PASADENA, Calif. — Corn husks, tree bark, leaves, fruits, vegetables, bird seed ...
Far more adorns floats in the Tournament of Roses Parade here than just the beautiful flowers themselves. There has to be, since every bit of each of the 42 floats must be covered with natural materials.
Which is fitting, because much more labor and time goes into the parade than just the two hours of network television time it will get Friday morning. Tens of thousands of volunteers are involved in the decorating of the floats.
“There will be 15,000 man hours on this float when it’s done,” said Mike Thompson, a longtime crew chief of Rose Bowl floats. He was under a huge tent a couple blocks from the Rose Bowl stadium Tuesday afternoon as he spoke, overseeing the decoration of the Donate Life float.
That float was designed by David Pittman, a Springville native who has put in tens of thousands of his own hours working on Rose Parade floats. This will be the 33rd Rose Parade in which he has had a role, the last 25 as a designer.
Pittman has designed 120 floats over the years, and as many as 12 in a year. He has scaled back to three this year.
Pittman now focuses more on his role as a float expert for HGTV (Home & Garden Television). That network will have uninterrupted coverage of Friday’s parade, focusing more on the decorating and floral materials of the floats.
The parade also will air on ABC, NBC, Hallmark Channel, Univision, and several international outlets, starting at 10 a.m. The University of Iowa’s 250-member marching band will be one of nearly 100 groups of performers in the event.
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“They claim one-tenth of the world’s population will see the parade or are at least aware it’s happening,” Pittman said. “That immediate exposure is one of the things that drew me to it early on.”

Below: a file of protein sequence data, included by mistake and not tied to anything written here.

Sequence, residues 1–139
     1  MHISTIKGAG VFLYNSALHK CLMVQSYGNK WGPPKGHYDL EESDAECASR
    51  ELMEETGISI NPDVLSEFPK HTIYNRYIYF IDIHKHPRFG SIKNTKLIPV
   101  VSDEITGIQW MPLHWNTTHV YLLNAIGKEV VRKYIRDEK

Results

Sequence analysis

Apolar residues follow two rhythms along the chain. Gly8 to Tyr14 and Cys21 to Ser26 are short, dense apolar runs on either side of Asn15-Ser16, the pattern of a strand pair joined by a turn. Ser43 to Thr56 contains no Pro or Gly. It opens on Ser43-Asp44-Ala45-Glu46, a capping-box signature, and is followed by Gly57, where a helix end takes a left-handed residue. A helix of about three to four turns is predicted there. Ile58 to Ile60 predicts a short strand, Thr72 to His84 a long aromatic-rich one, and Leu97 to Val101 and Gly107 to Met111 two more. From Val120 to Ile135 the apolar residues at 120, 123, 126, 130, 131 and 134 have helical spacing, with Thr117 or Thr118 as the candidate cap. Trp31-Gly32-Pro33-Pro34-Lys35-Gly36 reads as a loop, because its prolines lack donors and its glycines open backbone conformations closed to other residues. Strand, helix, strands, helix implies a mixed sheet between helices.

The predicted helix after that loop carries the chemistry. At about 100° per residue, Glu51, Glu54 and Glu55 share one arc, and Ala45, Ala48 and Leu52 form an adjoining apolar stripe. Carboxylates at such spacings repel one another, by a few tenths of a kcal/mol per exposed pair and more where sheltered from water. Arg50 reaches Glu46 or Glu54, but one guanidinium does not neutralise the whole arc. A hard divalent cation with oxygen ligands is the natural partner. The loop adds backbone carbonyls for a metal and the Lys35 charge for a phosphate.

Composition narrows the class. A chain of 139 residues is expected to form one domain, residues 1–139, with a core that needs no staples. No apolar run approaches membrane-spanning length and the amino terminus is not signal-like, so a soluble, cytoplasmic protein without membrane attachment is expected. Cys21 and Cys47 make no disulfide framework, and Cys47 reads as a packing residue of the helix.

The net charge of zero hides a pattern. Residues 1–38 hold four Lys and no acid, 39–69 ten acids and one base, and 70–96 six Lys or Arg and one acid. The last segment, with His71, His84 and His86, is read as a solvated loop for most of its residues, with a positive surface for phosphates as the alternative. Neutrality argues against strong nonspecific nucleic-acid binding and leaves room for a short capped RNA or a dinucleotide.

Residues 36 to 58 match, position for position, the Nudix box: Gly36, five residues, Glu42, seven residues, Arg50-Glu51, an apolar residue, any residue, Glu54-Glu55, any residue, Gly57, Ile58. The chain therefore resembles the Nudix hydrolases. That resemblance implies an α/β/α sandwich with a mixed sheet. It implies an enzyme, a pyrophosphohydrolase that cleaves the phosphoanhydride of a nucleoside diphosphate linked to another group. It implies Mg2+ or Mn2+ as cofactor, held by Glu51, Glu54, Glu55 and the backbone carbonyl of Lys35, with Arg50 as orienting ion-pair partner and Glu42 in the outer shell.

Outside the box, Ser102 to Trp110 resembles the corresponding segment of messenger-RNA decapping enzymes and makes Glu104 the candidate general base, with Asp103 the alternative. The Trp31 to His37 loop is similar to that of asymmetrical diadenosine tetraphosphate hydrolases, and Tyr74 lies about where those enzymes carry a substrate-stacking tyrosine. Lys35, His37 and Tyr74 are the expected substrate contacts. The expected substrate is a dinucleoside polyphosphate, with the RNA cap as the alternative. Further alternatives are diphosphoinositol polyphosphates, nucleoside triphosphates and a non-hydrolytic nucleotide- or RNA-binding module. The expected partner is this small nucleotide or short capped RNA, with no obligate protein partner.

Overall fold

Pittman was an art history major at Iowa State. Not long after graduation, he formed a one-man float design business in Detroit. Later, he joined the designers of Phoenix Decorating Company in Pasadena, and today he is the boss of Dave Pittman Creative. He estimated 80 percent of his work involves floats, with the rest event-planning.
He left Iowa when he was young, but hasn’t left it entirely. He spent some of last summer working remotely from Iowa City, where he has family.
Unlike most artists, Pittman’s work has a shelf life of just a few days. Through Sunday, people can view the floats here. Then, they will moved and taken apart. New ones will start to be built in the spring for the 2017 parade.
“They have to be beautiful, and they’re built for one day,” Pittman said.
“I usually don’t go down to see the floats after the parade. They go downhill pretty fast once the bees, birds and elements get to them.”